Four Step Social Media Audit for your Small Business

An annual audit is a necessary evil for all healthy businesses. It helps establish which divisions or departments are performing the best and which processes are working most efficiently; conversely, an annual audit can identify the areas that could use an overhaul. In terms of your social media initiatives, conducting an audit on your channels is a great way to understand how to most effectively use your time and to create a strategy based upon real, quantifiable data.

Audit
Photo: @decadethirty

 

Create a Spreadsheet

 Without a plan of action, you’ll spend more time trying to decide which channels to focus on, rather than getting down to the nuts and bolts of how your social media campaign is actually going. We recommend by starting with a simple spreadsheet, and taking stock of which channels you currently have, how many followers or fans they have, and how often you post to them. This will also allow you to organize and categorize all the new information you’ll generate during the audit. 

Search Yourself

One of the best ways to get a baseline of your social media success is to do a simple Google search. Aside from your company website, your social channels should be the first URL’s that appear. If you’re not ranking in search, you may need to look into the Search Engine Optimization (SEO) of your website to determine if your search terms and keywords are being indexed by Google’s search engine. Similarly, conducting a search helps you tap into the general public’s opinion of your company, product, or brand, which can be very useful feedback, even if it isn’t always completely positive.

Check Out Your Competitors

One thing about social media is certain: you can’t stay competitive if you’re not aware of what your counterparts are doing. Take note of the types of content they produce, which posts get the best engagement, and most importantly, the types of promotions and campaigns they employ to drive sales. Emulate what you like, then try to find a way to put your company’s twist on things. Furthermore, in discovering where your competitors are excelling and where they are falling short, you can leverage any missed opportunities. New platforms and applications (for example, Snapchat or Periscope) are popping up all the time, and if your competitors aren’t savvy enough to jump on the bandwagon, you can corner the market on those channels simply by participating.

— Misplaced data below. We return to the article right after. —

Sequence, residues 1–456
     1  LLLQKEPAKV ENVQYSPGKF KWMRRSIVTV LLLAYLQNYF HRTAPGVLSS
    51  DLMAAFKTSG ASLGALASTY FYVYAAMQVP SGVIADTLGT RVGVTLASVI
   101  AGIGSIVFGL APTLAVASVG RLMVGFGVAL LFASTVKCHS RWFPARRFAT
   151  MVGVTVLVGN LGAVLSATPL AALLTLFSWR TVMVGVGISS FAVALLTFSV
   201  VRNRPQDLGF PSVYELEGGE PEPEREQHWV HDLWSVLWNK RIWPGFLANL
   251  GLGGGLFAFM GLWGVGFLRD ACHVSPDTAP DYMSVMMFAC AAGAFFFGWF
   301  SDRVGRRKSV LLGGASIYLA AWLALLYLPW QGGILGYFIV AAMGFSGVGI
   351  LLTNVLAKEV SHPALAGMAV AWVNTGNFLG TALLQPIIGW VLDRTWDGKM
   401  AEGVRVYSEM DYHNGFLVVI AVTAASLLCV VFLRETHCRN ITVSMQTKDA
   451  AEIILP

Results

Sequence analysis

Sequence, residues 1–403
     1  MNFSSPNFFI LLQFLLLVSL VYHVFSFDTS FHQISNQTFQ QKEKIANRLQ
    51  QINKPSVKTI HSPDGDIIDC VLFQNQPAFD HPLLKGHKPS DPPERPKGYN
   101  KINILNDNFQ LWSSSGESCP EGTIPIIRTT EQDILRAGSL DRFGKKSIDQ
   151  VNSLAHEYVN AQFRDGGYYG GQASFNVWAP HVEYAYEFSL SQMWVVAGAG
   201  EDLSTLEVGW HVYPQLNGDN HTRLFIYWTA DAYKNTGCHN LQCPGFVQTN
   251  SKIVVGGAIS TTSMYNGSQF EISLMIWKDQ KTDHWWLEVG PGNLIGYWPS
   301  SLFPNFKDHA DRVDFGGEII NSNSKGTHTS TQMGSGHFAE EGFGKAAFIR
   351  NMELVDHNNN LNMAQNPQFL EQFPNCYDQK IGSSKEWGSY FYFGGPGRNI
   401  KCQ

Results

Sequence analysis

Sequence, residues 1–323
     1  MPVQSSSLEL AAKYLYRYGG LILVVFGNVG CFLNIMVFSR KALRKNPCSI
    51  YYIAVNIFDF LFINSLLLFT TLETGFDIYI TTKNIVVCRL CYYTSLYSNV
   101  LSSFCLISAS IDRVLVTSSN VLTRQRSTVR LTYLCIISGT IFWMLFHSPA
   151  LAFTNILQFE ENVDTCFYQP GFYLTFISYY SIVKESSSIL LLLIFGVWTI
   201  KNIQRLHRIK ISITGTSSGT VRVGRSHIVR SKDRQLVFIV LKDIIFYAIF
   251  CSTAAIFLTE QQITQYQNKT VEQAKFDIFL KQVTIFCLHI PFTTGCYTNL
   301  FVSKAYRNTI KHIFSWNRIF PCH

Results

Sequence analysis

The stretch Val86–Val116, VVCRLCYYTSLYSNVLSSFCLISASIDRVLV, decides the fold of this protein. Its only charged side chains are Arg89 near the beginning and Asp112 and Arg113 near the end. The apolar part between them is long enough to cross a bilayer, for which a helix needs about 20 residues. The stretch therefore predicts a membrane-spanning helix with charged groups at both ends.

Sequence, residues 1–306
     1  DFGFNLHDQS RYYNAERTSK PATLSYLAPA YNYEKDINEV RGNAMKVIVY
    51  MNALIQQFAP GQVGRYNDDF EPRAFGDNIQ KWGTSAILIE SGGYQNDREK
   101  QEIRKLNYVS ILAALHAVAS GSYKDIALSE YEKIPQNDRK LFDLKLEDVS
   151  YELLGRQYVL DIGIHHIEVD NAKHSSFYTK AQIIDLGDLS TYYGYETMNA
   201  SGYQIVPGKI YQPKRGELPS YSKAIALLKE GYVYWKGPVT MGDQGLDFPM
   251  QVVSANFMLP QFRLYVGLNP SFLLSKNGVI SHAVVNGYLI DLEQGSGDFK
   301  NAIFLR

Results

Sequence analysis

Reconnect With Your Customers

The most abstract yet important facet of your audit is the opportunity to reconnect with your customer base. Creating the type of content your audience wants to engage with  is far easier if you have your finger on the pulse of what people are talking about, where they’re talking about it, and the appropriate way to direct them back to your brand. Twitter is a great place to start because you can easily search your company’s hashtag to see what people are saying, while monitoring trending topics and relevant events; this all helps with keeping your online presence current and catchy. Furthermore, it may become evident during an audit that certain channels are more relevant to your audience than others, which can help direct your efforts to maximize your efficiency.

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